International Organization

Research Article

Determining Trade Policy: Do Voters Hold Politicians Accountable?

Alexandra Guisingera1

a1 Department of Political Science, University of Notre Dame du Lac. E-mail: alexandraguisinger@gmail.com

Abstract

Models of trade policy often depend on the efficient aggregation of individual preferences. While much of the recent empirical work on trade focuses on whether domestic coalitions form along class or sectoral lines, the process of preference aggregation itself remains understudied. In democratic countries, voting is typically assumed to be an unproblematic mechanism for aggregating preferences, but such an assumption may be misleading when the salience of trade policy is low or heterogeneous throughout the electorate. Using data from a survey of 36,501 potential voters in the 2006 U.S. midterm congressional elections, this article explores the salience of trade policy for voters as a whole and for populations predicted to be most affected by changing trade patterns. The article offers an estimation of trade policy salience based on the degree to which voters held Senate incumbents accountable for their 2005 vote on the Central American Free Trade Agreement, relative to roll call votes on other issues of the day. The article finds trade policy salience to be relatively low in terms of stated importance, in voters' knowledge of their representatives' policy positions, and in its effect on voters' propensity to vote for the incumbent. The low salience of trade policy, particularly among highly affected groups, calls into question voter-driven models of trade policy.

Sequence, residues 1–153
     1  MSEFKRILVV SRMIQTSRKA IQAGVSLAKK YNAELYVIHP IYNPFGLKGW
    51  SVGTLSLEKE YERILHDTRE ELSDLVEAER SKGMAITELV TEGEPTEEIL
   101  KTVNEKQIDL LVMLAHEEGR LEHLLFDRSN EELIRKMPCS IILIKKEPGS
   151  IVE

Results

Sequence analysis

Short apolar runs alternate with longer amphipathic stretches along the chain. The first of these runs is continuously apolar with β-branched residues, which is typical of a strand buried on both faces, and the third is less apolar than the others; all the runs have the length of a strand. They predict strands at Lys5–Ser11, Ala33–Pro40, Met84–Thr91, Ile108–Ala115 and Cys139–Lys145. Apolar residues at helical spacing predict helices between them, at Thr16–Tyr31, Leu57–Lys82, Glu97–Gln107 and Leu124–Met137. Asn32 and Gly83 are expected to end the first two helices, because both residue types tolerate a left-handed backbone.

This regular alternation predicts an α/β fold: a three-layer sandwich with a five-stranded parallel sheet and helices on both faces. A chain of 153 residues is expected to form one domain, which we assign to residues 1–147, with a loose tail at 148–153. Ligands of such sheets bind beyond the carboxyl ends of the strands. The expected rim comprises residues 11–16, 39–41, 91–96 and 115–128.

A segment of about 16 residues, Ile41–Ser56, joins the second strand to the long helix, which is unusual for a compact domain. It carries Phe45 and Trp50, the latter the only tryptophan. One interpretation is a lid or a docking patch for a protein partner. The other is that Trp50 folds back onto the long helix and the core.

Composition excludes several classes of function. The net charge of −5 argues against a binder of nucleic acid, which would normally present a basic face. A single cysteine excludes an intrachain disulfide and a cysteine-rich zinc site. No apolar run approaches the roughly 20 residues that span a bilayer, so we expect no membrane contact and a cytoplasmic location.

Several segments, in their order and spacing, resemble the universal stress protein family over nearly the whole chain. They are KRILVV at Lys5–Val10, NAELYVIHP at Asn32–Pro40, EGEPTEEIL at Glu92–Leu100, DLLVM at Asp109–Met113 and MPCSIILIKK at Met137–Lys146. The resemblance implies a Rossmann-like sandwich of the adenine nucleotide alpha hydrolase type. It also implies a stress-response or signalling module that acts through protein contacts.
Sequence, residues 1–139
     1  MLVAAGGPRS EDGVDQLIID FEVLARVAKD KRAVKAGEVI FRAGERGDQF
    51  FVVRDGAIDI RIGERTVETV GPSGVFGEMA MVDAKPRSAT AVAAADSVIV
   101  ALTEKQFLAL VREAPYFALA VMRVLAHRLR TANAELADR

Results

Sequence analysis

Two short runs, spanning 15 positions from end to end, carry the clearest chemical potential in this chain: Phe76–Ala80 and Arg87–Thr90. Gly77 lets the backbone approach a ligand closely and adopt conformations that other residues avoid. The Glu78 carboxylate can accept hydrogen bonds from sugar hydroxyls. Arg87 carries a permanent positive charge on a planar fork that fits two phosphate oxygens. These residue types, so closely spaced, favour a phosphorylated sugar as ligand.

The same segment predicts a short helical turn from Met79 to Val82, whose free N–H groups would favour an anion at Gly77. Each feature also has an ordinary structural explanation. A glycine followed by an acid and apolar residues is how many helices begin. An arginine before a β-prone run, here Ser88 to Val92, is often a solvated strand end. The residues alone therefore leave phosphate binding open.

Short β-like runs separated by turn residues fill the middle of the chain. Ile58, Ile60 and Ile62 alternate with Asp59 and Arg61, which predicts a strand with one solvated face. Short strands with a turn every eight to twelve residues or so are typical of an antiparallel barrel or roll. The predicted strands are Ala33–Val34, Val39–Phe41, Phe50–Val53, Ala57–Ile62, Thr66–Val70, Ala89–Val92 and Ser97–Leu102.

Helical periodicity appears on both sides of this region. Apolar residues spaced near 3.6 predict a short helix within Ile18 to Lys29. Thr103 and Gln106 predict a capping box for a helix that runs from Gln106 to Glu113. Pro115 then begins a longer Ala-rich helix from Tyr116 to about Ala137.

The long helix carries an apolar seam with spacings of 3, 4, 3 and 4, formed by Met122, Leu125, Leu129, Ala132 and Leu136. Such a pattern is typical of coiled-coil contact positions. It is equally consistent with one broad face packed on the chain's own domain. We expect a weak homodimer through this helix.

Footnotes

The author would like to thank the “Political Economy of Trade” panel participants (American Political Science Association, Chicago, August 2007) and in particular the discussant Peter Rosendorff; David Campbell and the Cooperative Congressional Election Study lead researchers, in particular Stephen Ansolabehere; and Ian Shapiro, the MacMillan Center for International and Area Studies and the Political Science Department at Yale University. I will forever appreciate the guidance of Fiona McGillivray. Many thanks also to Carter Murphy, David Nickerson, Dennis Quinn, Ken Scheve, David Singer, Megan Westrum, and Christina Wolbrecht.